So for a lot the things, like the connective apps and the PCs talking to the back-end systems and so on, we saw that SOAP made sense technically, and so we went with it. As we learned more about the system, we found there were other technologies for some of the requirements that were going to work better, so we started using those.

And what you're really making is an argument that even experienced people in this industry confuse the technology with the architecture. I've heard people say that SOA is a technology and, in fact, you're bringing out the point that SOA is not a technology, but rather, that you cobble together several technologies to accomplish a service orientation. Exactly. It's about how do you provide services that are aligned to the business as quickly as possible, and design patterns that allow you to mix and match legacy systems and new technologies. That's really what SOA is about.

The vendors, of course, want to come in and sell you a stack. For example, I know a vendor that likes to come in and say, "Without this and that from us, your SOA just won't scale." What they're trying to do is lock you in.

When you start using their products in production and integrating and so on, if you ever need to go outside their black box, you start having a lot of problems and costs -- because vendor stacks in general often work well with themselves and not very well with the rest of the world, regardless of what the marketing material says. That's one of the reasons why, when you are actually integrating all these types of systems, it makes sense to use things out in the [open-source] community that are intended to interconnect products from wherever or whoever they come from, over whatever protocol and over whatever data mechanism that you happen to have, independent of a specific vendor's flavor of things. And if any issues crop up, well, you have the source code and can immediately troubleshoot, without waiting for a vendor to look inside their black box and report back to you whatever they find.

Let's talk just for a moment about your relationship with Mule. What drove you to bring Mule into your architectural mix, how are you using it, what benefits do you feel you're getting and what challenges have you encountered with it?That's a loaded question. Basically, I was working for this very large retailer. I was commissioned with other people to build & the next generation of e-commerce systems for those guys. At the time we were building our stuff, we identified that we needed some kind of ESB technology. We ran a number of proof of concepts with every vendor you can imagine, both open source and commercial. We set up a couple of SOAP servers for them and said, "OK, here's everything. Here's what we need. Here's the time frame that you have. Let's see what we get."

During that evaluation, we learned a lot. We ended up liking the Mule product, and we really liked one of the commercial guys. The difference is the commercial guy, just for the basic licenses, was going to cost something like $350,000 [U.S.]. We said, "Forget it. Too expensive."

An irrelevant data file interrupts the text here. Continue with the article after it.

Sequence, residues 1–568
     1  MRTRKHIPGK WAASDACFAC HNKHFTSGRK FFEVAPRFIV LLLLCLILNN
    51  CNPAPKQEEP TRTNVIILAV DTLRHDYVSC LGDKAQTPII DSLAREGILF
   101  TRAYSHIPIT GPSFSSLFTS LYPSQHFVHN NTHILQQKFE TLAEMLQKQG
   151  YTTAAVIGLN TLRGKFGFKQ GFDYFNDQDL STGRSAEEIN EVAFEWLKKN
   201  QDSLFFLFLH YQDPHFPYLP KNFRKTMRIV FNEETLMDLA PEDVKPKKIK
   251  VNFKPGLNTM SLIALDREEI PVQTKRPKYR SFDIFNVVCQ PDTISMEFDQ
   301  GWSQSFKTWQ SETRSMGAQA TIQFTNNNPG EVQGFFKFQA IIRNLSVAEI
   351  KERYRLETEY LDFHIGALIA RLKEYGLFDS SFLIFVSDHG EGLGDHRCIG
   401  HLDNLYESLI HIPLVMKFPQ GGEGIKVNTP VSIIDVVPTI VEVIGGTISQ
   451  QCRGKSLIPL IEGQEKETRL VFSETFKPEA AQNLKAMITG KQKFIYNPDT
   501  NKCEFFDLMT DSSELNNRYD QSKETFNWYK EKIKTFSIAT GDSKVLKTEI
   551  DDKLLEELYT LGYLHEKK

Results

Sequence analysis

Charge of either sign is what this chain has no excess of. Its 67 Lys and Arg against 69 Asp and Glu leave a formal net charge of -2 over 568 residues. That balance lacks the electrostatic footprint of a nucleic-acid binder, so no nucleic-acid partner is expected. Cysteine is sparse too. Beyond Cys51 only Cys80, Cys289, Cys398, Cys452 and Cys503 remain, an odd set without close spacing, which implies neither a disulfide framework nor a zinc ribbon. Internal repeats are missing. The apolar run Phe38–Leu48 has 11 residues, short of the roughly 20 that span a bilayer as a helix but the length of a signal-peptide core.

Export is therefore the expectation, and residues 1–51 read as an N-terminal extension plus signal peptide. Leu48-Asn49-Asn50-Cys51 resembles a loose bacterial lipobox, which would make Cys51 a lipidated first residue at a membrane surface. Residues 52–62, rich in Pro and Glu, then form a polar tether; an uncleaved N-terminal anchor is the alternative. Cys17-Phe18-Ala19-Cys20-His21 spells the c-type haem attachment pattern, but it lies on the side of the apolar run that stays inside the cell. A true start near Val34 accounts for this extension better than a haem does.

We decided Mule was the way to go, and we ran with it. Eventually I wound up [leaving the retailer and] going to Leapfrog. And when I got here, I decided to do another SOA. Mule looked good, and by then they had a real company behind it. They had the ability to provide support and training. So we brought them in, first on a limited basis, with a couple of servers. We got what we expected, or better, so we decided to go for the enterprise license and make a big commitment. In general, working with the Mule software has been both exhilarating and frustrating. The implementation has always been its weaker link.

So explain to the readers the role that Mule serves in the architecture, and then give us an example of an implementation problem that you encountered that you needed to get resolved. Basically, Mule connects everything -- our back-end systems, databases, partners; all of our connective product, absolutely everything that's happening in the Web environment, is going through Mule. Everything. If two boxes, two systems . . . talk to each other in any shape or fashion, that's going through Mule. So if something breaks, that means that my whole environment dies. I mean, that's mission-critical, right?

So one of the things that we had a problem with -- this is going to get a little technical -- in one of the protocols that we were passing through, the front end and the back end, we found that some of the bits were not working. I mean, this is pretty obscure. I got on the phone with MuleSource at roughly 4:00 in the afternoon, and I said, "We just found the problem. We need to fix it. I need to have it fixed by 8:00 in the morning tomorrow because this needs to go to staging. We're pushing it out the day after tomorrow. So I need it now." And, sure enough, within an hour, I had one of their consultants working with us. By 9:00 we had found the issue was caused by a combination of something they did in the product and something we did in our code. By 11:30 at night we had fixed the problem. By 8:00 in the morning we were able to push this [to] staging. Everyone is happy.

Great. I really appreciate the time you spent talking to us today, Eugene. It's been really interesting. I'll check back with you at the end of the 18 months. [laugh] Well, the end of the 18 months is October 3rd, so . . . you'll actually be able to see the finished product.

This story, "Leapfrog jumps into SOA" was originally published by CIO.

Copyright © 2008 IDG Communications, Inc.

1 2 Page 2
Page 2 of 2
7 inconvenient truths about the hybrid work trend
Shop Tech Products at Amazon